None of his enquiries led him to think he’d located Riaz. It didn’t mean he definitely wasn’t at one of them of course. The hospitals could have been instructed not to give out any information under any circumstances or Riaz might have been admitted under a different name, but he didn’t think so. He’d become quite accomplished at reading answers over the years, often learning as much from what wasn’t said, or pauses, or how someone replied as from the actual words used. He was satisfied that, for now at least, this was an avenue not worth pursuing.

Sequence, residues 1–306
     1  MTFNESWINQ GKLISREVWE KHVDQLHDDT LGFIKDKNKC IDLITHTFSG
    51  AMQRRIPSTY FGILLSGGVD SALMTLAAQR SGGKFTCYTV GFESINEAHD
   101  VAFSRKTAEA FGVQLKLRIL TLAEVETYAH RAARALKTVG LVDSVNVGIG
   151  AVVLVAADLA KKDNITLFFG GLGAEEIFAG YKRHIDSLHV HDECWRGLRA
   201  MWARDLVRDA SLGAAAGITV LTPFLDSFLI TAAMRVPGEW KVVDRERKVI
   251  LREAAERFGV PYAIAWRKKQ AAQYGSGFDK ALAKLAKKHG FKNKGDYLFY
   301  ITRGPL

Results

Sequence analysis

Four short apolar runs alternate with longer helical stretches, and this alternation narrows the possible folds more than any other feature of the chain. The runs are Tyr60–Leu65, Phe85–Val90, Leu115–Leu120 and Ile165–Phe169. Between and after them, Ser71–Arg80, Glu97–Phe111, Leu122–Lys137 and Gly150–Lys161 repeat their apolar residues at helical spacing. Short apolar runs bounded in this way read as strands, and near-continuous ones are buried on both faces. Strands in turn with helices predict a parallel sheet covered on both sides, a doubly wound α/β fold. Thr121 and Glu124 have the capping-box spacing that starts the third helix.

He made sure the phone was turned off before stepping out of the car. There were no bins that he could see, so he buried it deep in a convenient hedge before returning to the vehicle.
He was sure that Riaz wouldn’t be returning to the flat. Even if he hadn’t been injured or wasn’t now safely with the authorities, he’d surely have been too suspicious that the explosion hadn’t been an accident. And even if this wasn’t the case, the blast must have left the place uninhabitable for the time being. Then there was Riaz’s workplace. Raoul thought it unlikely that Riaz would be stupid enough to go back there even if he was able, but it was the only other lead right now. His drives between calls deliberately hadn’t been in that direction. He checked his map for the best route, leaving it open on the passenger seat next to him just in case, before pulling away and heading there.